A Person of Interest
By Susan Choi
(Viking Adult, Hardcover, 9780670018468, 368pp.)
Publication Date: January 31, 2008
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From an acclaimed novelist, an emotionally complex and riveting story of suspicion, innocence, and regret
When a mail bomb explodes in the campus office next door, Lee, an Asian American math professor at a second-tier university in the Midwest, comes under suspicion. The authorities believe he may be the infamous "brain bomber," an elusive terrorist whose primary targets are prominent scientists and mathematicians.
In the midst of campus tumult and grief over the star computer scientist who was killed by the bomb, Lee receives a disturbing letter from a figure in his past. Certain he is being targeted for revenge, he begins confronting key events in his life. Misunderstood by the people around him, Lee is not conscious that his behavior has begun to heighten suspicion in the minds of his colleagues, students, and neighbors, leading the FBI to designate him "a person of interest" and pushing his life and reputation to the verge of ruin.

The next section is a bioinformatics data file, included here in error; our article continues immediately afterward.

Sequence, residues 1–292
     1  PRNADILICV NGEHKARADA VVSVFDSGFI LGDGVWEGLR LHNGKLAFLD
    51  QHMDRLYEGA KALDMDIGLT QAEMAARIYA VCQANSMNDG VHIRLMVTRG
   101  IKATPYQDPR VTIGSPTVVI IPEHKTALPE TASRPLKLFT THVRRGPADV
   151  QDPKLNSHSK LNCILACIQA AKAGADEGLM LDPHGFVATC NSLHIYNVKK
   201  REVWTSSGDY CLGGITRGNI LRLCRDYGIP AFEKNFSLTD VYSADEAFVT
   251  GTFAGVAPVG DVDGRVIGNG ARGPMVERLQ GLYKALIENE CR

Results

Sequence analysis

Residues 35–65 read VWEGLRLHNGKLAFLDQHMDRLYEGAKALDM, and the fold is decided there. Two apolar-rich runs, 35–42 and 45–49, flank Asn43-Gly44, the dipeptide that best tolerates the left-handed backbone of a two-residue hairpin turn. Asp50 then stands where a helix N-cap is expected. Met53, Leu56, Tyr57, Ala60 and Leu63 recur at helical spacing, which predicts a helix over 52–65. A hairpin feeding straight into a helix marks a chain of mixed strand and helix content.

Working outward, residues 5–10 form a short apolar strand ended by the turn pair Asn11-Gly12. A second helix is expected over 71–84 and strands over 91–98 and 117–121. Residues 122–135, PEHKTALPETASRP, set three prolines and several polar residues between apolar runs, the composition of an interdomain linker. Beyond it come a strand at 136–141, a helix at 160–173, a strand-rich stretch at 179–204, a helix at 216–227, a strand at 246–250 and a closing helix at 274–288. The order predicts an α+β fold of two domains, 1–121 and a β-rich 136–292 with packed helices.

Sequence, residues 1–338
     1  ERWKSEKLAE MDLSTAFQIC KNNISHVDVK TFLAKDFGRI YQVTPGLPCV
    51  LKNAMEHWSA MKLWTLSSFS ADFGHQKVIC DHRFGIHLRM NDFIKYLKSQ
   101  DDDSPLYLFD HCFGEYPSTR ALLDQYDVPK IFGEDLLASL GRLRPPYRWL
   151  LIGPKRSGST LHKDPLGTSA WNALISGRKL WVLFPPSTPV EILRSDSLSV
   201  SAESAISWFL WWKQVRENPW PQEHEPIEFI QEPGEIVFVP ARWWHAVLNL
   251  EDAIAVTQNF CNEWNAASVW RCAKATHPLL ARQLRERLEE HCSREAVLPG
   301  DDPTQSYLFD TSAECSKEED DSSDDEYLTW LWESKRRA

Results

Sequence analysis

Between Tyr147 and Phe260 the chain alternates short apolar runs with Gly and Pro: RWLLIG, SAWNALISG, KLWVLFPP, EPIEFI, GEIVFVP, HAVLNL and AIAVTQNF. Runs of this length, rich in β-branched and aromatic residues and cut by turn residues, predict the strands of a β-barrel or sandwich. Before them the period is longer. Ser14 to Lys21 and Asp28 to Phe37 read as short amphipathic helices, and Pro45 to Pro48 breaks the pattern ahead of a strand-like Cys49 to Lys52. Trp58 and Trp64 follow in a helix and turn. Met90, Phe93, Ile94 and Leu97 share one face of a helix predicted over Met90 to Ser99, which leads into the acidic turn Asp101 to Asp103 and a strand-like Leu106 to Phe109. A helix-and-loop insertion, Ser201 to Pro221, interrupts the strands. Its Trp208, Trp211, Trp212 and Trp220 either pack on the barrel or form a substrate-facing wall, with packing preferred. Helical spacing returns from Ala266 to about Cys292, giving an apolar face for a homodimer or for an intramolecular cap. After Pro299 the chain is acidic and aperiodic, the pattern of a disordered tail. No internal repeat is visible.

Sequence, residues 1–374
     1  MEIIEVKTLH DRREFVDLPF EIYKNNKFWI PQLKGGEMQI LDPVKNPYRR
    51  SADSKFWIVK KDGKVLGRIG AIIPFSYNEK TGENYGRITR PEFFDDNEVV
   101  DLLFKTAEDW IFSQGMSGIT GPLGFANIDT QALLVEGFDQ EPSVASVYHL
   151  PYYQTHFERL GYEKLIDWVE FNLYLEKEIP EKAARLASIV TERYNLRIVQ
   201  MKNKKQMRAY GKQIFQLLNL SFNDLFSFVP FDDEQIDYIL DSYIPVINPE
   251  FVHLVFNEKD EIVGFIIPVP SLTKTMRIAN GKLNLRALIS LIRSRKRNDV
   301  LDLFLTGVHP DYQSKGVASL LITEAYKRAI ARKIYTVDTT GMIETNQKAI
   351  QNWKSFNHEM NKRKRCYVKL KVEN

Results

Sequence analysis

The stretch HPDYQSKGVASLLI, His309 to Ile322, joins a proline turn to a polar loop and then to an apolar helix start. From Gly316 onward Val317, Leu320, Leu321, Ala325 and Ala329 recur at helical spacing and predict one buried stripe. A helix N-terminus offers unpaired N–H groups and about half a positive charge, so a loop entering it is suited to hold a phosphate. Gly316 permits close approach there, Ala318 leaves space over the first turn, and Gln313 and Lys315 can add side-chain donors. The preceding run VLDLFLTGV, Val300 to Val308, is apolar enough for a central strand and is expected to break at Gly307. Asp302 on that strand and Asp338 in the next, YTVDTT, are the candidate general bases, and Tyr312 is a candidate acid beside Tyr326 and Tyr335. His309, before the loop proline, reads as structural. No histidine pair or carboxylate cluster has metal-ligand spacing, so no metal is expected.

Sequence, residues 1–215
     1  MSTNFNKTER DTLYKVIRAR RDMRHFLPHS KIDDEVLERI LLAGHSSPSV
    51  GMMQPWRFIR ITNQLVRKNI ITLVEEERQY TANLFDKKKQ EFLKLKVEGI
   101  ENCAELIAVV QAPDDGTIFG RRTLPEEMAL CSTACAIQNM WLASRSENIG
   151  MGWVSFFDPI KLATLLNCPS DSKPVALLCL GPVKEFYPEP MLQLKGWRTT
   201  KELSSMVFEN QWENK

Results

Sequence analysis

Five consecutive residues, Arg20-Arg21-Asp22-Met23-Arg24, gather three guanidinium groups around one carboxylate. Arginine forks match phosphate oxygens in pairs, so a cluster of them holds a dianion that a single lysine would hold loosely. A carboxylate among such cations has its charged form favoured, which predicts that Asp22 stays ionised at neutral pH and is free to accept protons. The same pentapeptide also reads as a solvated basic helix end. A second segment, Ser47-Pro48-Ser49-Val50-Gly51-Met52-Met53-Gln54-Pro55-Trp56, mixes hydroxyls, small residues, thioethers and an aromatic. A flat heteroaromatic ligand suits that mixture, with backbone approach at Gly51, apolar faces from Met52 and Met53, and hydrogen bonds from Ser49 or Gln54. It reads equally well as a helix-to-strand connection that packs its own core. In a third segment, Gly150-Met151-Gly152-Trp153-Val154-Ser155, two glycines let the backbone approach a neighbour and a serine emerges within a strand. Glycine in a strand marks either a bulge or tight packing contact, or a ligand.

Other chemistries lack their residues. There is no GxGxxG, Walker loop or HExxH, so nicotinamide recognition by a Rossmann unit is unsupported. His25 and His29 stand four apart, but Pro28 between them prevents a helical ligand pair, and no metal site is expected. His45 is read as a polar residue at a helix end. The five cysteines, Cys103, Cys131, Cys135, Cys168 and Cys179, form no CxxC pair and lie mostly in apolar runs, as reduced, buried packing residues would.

Intricately plotted and engrossing, A Person of Interest asks how far one man can run from his past, and explores the impact of scrutiny and suspicion in an age of terror. With its propulsive drive and vividly realized characters, Susan Choi's latest novel is as thrilling as it is lyrical, and confirms her place as one of the most important young novelists chronicling the American experience.
The daughter of a Korean father and a Russian-Jewish mother, Susan Choi was born in Indiana and raised in Texas. She holds an undergraduate degree from Yale and an M.F.A. from Cornell. She is the author of three novels: The Foreign Student, winner of the Asian-American Literary Award; American Woman, a finalist for the Pulitzer Prize; and A Person of Interest. She teaches at Princeton and lives in Brooklyn.
1. In their minds, Lee's neighbors and coworkers convict him of Hendley's murder because they find his reaction to the bombing inappropriate. What explains the willingness of the community to equate social obtuseness with criminal guilt?